Michael Powell is talking about his remodeling project on Woodland Avenue. Instead of noting the house’s changes, he says, “One of the nicest compliments was from a neighbor who said, ‘You’ve doubled the size of the home and it looks like it was one of the original homes built here.’”
Powell’s ARCHWOOD Building Company specializes in remodeling, and he is one of seven contractors who are showing off their work this weekend in the first annual Remodeler’s Home Tour. There are six homes in Raleigh on the tour and one in Cary.
In addition to Powell, other remodelers who will have homes on tour are:
Will Alphin of Alphin Design Build
Eddie Casanave of Casanave Construction Co.
Marty Graff of Graff Custom Homes and Remodeling
Rick Parker and Larry Lancaster of P&L Construction Co.
Hardin Sigmon of Sigmon Construction and
Hank Wall of Wood Wise Design and Remodeling
Unlike new home builders, remodelers often get assignments like Powell’s “to change the house but keep it the way it is.” Will Alphin, for example, was asked to create a master bedroom suite with modern amenities but retain the feel and look of the Craftsman, bungalow style so popular in the 1920s.
The home is located at 1904 Fairview Road behind Eckerd’s drug store at Five Points.
“It is a classic bungalow,” says Alphin, a graduate of the North Carolina State University Design School. “It had three small bedrooms, and the homeowners didn’t want to lose a bedroom.”
So Alphin combined two bedrooms downstairs into one and built a stairwell to the attic storage area which became a new bedroom. He also extended the back of the house to allow more space for the mastersuite.
“One of our challenges was to match the granite used in the foundation and chimney and the wood siding,” says Alphin. The match is so exact that you cannot tell where the old house stops and the new extension begins.
Hank Wall’s client wanted a showpiece and that’s what he got. The house overlooks the golf course on MacGregor Downs in Cary, and it was a traditional Georgian two-story brick home in the “dark pine forest,” laughs Wall. Connected by a walkway was a guest wing with its own living room, kitchen, bedroom and bath.
“We converted the guest wing into a mastersuite,” says Wall. “The kitchen area became a media room and the former breezeway became a breakfast room with radiant, electric mesh heating under the floor.”
Wall gutted and enlarged the main kitchen and put in custom cherry cabinets, new, black appliances and black granite counter tops. He also took out two closets upstairs and raised the ceiling of the downstairs foyer for a more open look. A landscape company pruned the trees to better show off the house.
Eddie Casanave started his business when he was still a civil engineering student at NCSU. Today, he is president of the Raleigh-Wake County Homebuilders Association and a founder of the Remodelers Council, a branch of the Homebuilders group.
The owners of his tour home, located at 2711 Everett Ave., wanted “something with the front of the house.” The one-story brick house was built in the 1950s and looked like many of the homes on the street.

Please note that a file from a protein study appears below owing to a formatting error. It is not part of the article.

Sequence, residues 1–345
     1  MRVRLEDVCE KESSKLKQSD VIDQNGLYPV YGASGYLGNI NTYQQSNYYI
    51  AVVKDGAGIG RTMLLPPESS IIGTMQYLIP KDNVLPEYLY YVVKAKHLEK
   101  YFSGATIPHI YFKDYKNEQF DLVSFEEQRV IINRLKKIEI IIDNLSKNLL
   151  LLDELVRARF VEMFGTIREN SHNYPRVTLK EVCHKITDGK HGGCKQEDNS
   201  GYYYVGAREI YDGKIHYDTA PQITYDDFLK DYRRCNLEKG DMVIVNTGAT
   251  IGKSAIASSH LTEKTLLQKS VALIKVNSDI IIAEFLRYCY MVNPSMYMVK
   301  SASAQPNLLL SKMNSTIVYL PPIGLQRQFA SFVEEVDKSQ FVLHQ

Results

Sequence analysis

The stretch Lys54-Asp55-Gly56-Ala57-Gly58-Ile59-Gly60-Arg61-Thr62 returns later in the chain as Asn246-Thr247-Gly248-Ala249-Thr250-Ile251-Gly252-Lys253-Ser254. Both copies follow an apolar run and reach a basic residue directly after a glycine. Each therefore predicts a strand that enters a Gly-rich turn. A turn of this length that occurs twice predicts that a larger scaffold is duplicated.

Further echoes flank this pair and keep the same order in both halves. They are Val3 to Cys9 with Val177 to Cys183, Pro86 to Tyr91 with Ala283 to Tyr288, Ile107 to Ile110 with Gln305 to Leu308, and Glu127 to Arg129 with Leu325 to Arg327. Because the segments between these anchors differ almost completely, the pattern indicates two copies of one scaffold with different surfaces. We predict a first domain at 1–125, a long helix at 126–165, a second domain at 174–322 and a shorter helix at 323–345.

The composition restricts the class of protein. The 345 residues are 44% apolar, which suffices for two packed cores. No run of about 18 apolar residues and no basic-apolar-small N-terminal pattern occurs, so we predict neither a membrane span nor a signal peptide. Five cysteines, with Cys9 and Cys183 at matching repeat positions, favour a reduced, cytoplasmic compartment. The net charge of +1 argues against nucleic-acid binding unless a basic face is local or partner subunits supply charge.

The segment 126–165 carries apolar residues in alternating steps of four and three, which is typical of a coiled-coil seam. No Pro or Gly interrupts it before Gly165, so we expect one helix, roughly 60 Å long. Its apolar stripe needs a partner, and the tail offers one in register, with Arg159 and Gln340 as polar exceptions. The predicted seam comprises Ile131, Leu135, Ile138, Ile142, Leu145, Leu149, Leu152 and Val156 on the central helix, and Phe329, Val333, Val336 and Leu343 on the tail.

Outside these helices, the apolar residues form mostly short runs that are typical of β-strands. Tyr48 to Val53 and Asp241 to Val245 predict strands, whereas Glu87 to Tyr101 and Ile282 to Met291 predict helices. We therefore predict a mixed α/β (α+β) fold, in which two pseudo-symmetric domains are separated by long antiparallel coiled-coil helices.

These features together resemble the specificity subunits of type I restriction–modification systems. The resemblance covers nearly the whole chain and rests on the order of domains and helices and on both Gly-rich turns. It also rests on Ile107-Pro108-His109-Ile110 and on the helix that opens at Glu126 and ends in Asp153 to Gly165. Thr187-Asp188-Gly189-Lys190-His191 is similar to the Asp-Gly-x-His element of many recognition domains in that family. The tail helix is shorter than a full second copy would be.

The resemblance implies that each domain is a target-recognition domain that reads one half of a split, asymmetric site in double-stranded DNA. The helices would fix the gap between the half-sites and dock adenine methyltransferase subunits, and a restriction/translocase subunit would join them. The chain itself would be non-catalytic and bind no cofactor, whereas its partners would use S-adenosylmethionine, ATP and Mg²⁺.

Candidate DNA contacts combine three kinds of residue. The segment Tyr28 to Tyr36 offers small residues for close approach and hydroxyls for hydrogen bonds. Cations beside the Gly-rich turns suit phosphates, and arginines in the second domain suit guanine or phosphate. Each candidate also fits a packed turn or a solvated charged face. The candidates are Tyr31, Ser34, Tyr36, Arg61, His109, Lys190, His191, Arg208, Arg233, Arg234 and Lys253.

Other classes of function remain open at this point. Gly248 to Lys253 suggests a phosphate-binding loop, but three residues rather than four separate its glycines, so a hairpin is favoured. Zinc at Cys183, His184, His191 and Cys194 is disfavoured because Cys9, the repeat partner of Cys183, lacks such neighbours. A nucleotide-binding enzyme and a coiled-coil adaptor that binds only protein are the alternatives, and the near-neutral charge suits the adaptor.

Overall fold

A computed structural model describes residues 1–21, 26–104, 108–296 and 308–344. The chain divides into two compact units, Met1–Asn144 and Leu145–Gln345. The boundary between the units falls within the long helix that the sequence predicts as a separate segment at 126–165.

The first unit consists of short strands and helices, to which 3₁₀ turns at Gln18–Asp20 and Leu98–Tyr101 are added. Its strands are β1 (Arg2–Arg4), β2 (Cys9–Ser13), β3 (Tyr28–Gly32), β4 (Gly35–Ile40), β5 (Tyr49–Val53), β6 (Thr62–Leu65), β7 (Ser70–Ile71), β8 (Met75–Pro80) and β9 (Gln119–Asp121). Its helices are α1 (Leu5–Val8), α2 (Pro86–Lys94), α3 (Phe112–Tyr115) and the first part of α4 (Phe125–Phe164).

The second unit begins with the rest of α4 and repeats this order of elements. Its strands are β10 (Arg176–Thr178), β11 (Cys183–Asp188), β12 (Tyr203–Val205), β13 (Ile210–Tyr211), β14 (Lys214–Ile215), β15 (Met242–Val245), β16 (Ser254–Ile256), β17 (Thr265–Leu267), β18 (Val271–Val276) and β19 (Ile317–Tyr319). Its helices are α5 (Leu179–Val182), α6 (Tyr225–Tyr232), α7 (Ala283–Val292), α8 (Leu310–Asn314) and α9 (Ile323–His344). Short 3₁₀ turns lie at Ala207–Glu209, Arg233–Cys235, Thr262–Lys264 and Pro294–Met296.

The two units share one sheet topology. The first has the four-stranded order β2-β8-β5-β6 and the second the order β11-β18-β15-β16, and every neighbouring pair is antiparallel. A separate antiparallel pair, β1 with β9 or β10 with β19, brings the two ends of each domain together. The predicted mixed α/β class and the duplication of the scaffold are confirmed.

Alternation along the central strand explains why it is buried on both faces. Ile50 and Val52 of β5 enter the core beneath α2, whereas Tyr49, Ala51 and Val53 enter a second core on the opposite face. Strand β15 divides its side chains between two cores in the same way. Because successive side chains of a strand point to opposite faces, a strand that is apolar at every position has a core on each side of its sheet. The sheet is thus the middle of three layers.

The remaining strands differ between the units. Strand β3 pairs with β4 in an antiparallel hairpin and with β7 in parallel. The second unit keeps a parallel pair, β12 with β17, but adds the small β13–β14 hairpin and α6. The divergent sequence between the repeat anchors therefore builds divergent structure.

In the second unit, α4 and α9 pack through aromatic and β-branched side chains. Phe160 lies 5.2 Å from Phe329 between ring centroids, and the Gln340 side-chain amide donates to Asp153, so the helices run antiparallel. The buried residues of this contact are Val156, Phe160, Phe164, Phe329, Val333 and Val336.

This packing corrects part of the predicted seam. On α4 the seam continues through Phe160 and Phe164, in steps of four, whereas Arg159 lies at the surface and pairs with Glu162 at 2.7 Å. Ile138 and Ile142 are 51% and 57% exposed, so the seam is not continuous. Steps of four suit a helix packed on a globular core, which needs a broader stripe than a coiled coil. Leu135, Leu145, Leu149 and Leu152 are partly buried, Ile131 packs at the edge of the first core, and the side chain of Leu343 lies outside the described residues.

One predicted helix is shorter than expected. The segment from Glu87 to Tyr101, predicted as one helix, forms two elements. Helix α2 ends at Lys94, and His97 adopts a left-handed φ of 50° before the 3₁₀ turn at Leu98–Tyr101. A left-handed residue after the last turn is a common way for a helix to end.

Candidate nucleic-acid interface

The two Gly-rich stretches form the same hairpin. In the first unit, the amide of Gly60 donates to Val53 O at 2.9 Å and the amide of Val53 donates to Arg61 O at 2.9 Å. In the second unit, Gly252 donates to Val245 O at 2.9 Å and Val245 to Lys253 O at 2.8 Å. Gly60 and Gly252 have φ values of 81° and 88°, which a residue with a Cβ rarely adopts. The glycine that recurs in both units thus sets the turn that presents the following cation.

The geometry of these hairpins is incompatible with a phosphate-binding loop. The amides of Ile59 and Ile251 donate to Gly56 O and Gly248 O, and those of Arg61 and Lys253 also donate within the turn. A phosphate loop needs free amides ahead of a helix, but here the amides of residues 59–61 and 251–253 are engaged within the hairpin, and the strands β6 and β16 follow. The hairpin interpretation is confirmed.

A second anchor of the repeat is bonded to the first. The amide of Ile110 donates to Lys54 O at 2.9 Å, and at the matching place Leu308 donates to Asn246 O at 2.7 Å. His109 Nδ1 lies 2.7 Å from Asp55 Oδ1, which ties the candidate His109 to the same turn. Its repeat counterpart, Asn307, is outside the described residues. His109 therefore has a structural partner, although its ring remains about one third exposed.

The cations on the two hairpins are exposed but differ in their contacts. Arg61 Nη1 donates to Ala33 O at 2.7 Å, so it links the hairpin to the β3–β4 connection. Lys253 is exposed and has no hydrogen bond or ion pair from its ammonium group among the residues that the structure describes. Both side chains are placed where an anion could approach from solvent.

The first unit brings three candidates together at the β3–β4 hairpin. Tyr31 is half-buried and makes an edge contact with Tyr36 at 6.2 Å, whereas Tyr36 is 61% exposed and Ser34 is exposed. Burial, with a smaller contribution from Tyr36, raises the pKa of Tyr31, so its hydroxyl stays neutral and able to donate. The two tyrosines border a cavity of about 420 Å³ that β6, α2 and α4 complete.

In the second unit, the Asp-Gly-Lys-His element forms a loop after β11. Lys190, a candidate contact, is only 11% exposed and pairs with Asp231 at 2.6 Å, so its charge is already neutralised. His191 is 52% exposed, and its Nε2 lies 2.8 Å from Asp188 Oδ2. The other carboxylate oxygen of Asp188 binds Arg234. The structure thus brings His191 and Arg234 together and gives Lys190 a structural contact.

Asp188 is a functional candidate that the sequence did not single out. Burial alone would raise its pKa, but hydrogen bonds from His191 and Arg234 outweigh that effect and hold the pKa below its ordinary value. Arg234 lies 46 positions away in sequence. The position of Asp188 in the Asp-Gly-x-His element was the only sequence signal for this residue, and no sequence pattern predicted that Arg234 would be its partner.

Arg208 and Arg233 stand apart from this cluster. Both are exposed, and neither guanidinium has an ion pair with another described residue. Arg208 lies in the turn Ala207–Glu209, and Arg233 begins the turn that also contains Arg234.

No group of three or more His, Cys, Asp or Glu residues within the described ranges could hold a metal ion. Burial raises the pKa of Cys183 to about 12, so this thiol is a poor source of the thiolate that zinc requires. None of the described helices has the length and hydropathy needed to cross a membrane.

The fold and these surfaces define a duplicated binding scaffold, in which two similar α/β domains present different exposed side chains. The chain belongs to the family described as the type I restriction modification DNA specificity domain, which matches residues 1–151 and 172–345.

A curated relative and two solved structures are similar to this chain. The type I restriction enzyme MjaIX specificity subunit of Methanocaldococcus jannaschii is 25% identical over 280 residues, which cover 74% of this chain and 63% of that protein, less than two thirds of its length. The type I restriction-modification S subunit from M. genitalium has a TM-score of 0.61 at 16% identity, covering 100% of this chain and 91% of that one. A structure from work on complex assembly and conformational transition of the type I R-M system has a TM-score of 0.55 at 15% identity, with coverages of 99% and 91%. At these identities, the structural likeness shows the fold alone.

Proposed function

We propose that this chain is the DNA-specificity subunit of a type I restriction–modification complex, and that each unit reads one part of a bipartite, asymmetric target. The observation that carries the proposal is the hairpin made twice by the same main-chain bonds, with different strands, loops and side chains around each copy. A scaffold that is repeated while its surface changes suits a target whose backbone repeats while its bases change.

“I had done some work for them 10 years ago, and they called me back,” says Casanave who brought his notepads. As with most remodeling job, Casanave’s assignment became more than “something with the front of the house.”
We renovated the front and added a front porch with brick retaining walls in the yard. We moved the front door to put in a coat closet, new mahogany front door with sidelights and transom. They were so excited that they wanted us to work on the kitchen,” says Casanave.
Like Casanave, all of the remodelers are very proud of their work and will be on hand during the tour to answer questions. Hardin Sigmon doesn’t have to go far; he lives next to his tour home on Churchill Road. Michael Powell lives and works near Five Points, close to his tour home, too.
“It’s a mini-version of the Parade of Homes,” explains Powell. “I found out about tours in Seattle, Minneapolis and other cities and the remodelers there said it was one of the best things they had done. We want to stimulate the public’s interest in remodeling.”
Powell also has kept a detailed, neat album that describes each facet of work on the Woodland Avenue home, from “before and after” photographs to a schedule listing the sequence in which the construction takes place.
In an economy when people may be thinking more about renovating the home they have than buying a new one, the tour is timely. It also gives visitors a chance to meet the remodelers and see the quality of work available in the Triangle.
As Casanave notes, “Word of mouth is how you get the vast majority of your work.”
The fee for the tour is $5 and a portion of the proceeds will be contributed to Raleigh’s Building Together Ministries. For more information about the tour, check the Home Builders Association Web site: www.hbawake.com.
J. Barlow Herget is co-author of “The Insiders’ Guide to the Triangle” and a former member of the Raleigh City Council.